“How we make things dictates not only how we work
but what we buy, how we think, and the way we live.”
– James P. Womack (Womack, Jones and Roos, 1990)
Industrialisation is the act of a country and society converting itself from what would be an agricultural community, to a manufacturing society, transforming from manual labor and replacing it with factories masses of mechanized machines to mass produce crafts and goods. The act of industrialisation started in 1750. It was not a sudden transformation happening in one year, but a gradual process, and evolution that is considered to still be taking please at this present time. There was the revolution of steam, water and wind power systems, before a revolution into transportation, auto mobiles and railways, and then progressing to the 19th century, we had electrical powered factory systems, before we progress to the late 20th century, in which computer technology was created. The Great Exhibition of 1851 marked the peak of British economic dominance. Taking place in Crystal Palace, a huge range of British goods were displayed for both foreign and domestic visitors. Being the first exhibition of manufactured goods,it was hugely influential in the development of society including art and design education. The results led to the pre-cursor of the V & A museum; The Museum of Ornamental Art.
Post industrialisation is meant to define a country or society that has passed through, or dodged completely, the domination and labour of a manufacturing based economy, and instead receives the outcomes of the manufacturing, concentrating on more of a society based structure and economy, concentrating on innovation, finance and services. Overall this is deemed as an “Information society”, in which creation and distribution and manipulation of information is a crucial political and cultural activity, and is deemed as the succession of an Industrial society. Although we are now considered to have left the industrialisation era, surely it is still persisting? We have managed to evolve from film photography to digital photography, which is forever developing and increasing in quality as new cameras come out every year. With this taking place, many photographers and artists have reverted back to using the old methods as they feel the work created is more of a perfection and more heartfelt, getting what they want just how they want it. Carl Honore, the author of “In Praise of Slow”, said “ The Slow philosophy is not about doing everything at a snail’s pace. It’s about seeking to do everything at the right speed. Savouring the hours and minutes rather than just counting them. Doing everything as well as possible, instead of as fast as possible. It’s about quality over quantity.” (Honoré, 2004) I think this is a very wise, important statement, and it’s true; It’s better to get something just right, just how you want it instead of just using an auto focus feature, and this is shown through the work that is produced.
Some photographers use old methods and try to show the world without industrialisation, or the negative effect it has caused. Olaf Otto Becker has worked on one project on the Arctic landscape for seven years, focusing on the beautiful glaciers but showing us his heartfelt concept of how global warming is destroying them, is we the cracks a melted holes that signify their decay and meltdown, Becker hits the nail on the head with his statement of his images and global warming “My images are beautiful because the landscapes are beautiful. But what you see in my images will cause very ugly images of suffering somewhere else in the world”(Becker, Badger and Schaden, 2007). Another photographer, Sebastiao Selgado has created a couple of projects that attack industrialisation. One being his beautiful GENESIS project that has one image of an iceberg that looks like a medieval castle. He said his aim was to return to the very beginning of earth, with it’s elements of fire, air and water, giving birth to life. However, his methods of developing the images was through platinum printing, using very toxic chemicals, something that contradicts his concept greatly. There’s also photographer Chris Jordan and his project “intolerable beauty” with one of the images showing a dead, rotting albatross, with all the plastic manufactured rubbish from lighters to bottle caps inside its body. These images show just how bad our littering has polluted the world, with the birds swallowing the plastic items in the vastly polluted pacific, thinking it’s food, and eventually leading to their deaths.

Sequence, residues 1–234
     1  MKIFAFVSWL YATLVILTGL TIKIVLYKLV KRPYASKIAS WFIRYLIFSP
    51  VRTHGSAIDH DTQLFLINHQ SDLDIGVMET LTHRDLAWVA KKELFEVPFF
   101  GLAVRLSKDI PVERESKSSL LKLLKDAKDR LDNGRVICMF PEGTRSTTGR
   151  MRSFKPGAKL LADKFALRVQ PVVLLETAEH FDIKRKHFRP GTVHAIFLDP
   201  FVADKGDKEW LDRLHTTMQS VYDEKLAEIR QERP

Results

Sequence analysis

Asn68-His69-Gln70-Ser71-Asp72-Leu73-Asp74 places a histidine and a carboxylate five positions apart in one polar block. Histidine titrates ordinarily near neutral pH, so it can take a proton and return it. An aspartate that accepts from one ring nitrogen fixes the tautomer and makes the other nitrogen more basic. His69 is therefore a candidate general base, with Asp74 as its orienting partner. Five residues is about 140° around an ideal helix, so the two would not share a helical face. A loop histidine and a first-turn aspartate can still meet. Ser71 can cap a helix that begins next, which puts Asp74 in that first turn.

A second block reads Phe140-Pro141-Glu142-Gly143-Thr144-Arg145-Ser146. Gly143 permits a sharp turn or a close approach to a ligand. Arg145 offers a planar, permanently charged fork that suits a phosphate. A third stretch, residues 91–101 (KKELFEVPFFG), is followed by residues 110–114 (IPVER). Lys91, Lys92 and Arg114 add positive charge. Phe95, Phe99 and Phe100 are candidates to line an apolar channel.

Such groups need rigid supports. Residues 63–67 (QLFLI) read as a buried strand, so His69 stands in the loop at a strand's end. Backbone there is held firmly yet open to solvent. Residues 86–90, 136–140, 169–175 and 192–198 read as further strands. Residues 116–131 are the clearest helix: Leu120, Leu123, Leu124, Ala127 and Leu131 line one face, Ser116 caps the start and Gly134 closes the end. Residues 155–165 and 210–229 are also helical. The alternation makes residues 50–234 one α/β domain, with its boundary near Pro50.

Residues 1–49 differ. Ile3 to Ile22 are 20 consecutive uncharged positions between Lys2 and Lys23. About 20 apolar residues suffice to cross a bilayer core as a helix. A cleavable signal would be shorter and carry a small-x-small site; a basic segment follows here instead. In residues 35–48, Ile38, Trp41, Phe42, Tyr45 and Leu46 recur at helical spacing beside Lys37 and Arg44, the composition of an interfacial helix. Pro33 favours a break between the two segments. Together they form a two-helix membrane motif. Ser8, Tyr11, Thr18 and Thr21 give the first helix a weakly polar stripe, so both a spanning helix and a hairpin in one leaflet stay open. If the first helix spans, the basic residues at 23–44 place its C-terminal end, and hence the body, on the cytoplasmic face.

Technology is forever evolving, with new inventions, and easier to use equipments, but with less skill needed for these new items. These days, everyone is a photographer, with great resolution and sensors inside their phones, a click of a button and they’ve got their image. There’s instagram, giving them the chance to use filters such as cross process, which takes time to create digitally, let alone the effort put into film photography for such an effect. There’s even the new Rambus system being created, which doesn’t need a sensor or a lens to create an image, just a computer chip and an algorithm. It is indeed great that art is produced, create and available to create by the masses, but it does indeed put photography as a career in jeopardy. Photographers abilities and skills would be underestimated and even manufacturers will lose out on money, if we reach such and era where DSLRs and lenses are not needed. I would say the indeed, we are still in the industrialisation/ post-industrialisation era, and we will be for a very long time, as everything is forever evolving. Overall, industrialisation has been both and artists best friend, and its worst enemy, being influential to the artist movement, but progressing at such a rate, artists could become that of a rarity.